Department:School of Nursing & Midwifery
Areas of Expertise: Health and wellbeing
Susan's specialist areas are contraception and sexual health, and teaching clinical assessment skills.
Susan qualified in medicine from Queens' University in Belfast in 1990. She specialised in general practice in 1993, became a Diplomate of the Faculty of Sexual and Reproductive Health, and developed an interest in the intersection of gender and medicine. She undertook a BA (Hons) in Women's Studies and Sociology at Anglia Ruskin University and was awarded a PhD in Sociology at the University of Cambridge in 2010. Her PhD title was The Effect of Gendered Body Image upon Contraceptive Outcomes.
Susan is a member of both the British Medical Association and the British Sociological Association. She continues to work at the intersection of medicine and sociology, with a particular interest in gender.
Susan's research interests lie at the intersection of sociology and health. She is particularly interested in the effects of gender and sexuality upon health behaviours. She has researched attitudes, knowledge and beliefs about the body and towards contraception. She has also led projects which examined the impacts of education and training upon the healthcare workforce.
Susan would be pleased to consider supervising doctoral students with the following research interests/topics:
Susan teaches two modules related to contraception and sexual health at post-registration level. She also contributes to a number of other modules at pre- and post-registration level where she teaches on contraception and sexual health, screening and health promotion. She contributes to the teaching and examining of advanced clinical assessment skills for nurses and other allied health professionals.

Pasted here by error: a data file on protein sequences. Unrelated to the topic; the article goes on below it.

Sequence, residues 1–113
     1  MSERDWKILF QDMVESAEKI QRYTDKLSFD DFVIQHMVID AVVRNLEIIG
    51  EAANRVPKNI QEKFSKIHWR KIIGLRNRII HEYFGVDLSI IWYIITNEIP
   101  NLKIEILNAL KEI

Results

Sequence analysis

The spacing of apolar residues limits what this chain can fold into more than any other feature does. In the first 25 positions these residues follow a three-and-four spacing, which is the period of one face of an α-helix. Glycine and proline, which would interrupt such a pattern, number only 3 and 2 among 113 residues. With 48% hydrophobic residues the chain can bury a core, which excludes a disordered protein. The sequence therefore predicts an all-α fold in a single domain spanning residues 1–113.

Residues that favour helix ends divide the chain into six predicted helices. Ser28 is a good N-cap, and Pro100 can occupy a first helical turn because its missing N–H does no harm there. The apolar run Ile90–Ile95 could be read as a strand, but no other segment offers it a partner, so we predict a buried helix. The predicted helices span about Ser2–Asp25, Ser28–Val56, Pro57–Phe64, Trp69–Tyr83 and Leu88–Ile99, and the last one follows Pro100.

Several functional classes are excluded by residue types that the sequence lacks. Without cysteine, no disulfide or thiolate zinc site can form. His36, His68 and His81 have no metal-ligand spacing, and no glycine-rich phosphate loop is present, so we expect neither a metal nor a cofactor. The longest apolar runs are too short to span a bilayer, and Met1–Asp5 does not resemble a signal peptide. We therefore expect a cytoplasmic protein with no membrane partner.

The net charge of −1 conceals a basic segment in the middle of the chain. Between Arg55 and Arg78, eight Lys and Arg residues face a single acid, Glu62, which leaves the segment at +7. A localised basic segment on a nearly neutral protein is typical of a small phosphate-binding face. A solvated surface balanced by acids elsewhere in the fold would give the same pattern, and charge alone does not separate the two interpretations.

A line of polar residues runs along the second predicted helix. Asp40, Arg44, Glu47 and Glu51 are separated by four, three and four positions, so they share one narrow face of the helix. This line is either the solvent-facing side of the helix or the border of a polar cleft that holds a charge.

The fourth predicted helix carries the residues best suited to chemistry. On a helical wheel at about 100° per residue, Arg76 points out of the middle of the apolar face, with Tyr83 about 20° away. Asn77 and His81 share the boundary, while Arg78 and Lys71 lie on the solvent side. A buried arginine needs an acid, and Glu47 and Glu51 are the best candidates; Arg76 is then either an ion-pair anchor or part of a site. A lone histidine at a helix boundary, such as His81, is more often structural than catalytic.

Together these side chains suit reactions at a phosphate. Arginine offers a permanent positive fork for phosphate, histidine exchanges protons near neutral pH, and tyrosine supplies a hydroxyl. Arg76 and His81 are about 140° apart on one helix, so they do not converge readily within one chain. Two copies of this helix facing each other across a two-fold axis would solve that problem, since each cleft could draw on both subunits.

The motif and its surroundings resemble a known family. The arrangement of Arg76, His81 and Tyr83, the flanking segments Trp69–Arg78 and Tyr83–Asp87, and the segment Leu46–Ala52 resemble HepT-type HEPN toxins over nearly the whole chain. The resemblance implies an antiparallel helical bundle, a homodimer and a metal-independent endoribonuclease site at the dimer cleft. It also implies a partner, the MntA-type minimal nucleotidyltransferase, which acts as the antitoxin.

Walker, S., 2013. The Impact of CPD upon the Clinical Workforce in Cambridgeshire and Peterborough – Quantitative findings.[Unpublished Report]
Walker, S., Davis, K., Andrew, S., & Page, P. 2013. The Impact of CPD upon the Clinical Workforce in Essex.[Unpublished Report]
Peer reviewed papers:
Walker, S.H. & Davis, G., 2014. Knowledge and Reported Confidence of Final Year Midwifery Students Regarding Giving Advice on Contraception and Sexual Health. Midwifery, 30, e169-e176.
Walker, S., & Davis, G. 2013. Learning at work and university: Midwifery students and sexual health advice, Practitioner Research in Higher Education Journal, 7(1), October.
Walker, S. & Davis, G., 2013. “Seeking the views of midwifery students on teaching contraception and sexual health within a Midwifery curriculum”. Networks, 16, pp.85-88
Walker, S. 2013. “Clinicians should consider the effect of bodily metaphors when discussing contraceptive options.”[Letter] Journal of Family Planning and Reproductive Health Care;39:152 doi:10.1136/jfprhc-2012-100561
Hodson, M., Andrew, S., Walker, S. and Roberts, M. 2012. “Coming and going: COPD patients’ experiences of hospital admission and discharge”. Thorax: An International Journal of Respiratory Medicine, 67(Suppl 2) A1-204, pp. A98.
Walker, S. 2012. "Mechanistic and ‘Natural’ Body Metaphors and their effects on attitudes to hormonal contraception". Women & Health.[online]
Andrew, S. & Walker, S.H. 2012. [Report] Developing a Patient Reported Experience Measure for Chronic Obstructive Pulmonary Disease (PREMCOPD).
Walker, SH. 2011. Attitudes towards a Male contraceptive Pill in a group of UK Contraceptive Users in the UK. Journal of Men's Health ,8(4),p.267-273, Dec 2011 (online) DOI information: 10.1016/j.jomh.2011.04.003
Walker, SH & Thurston, C 2011. Experiences and training in delivering sexual healthcare. British Journal of School Nursing.6 (6), pp.289-293.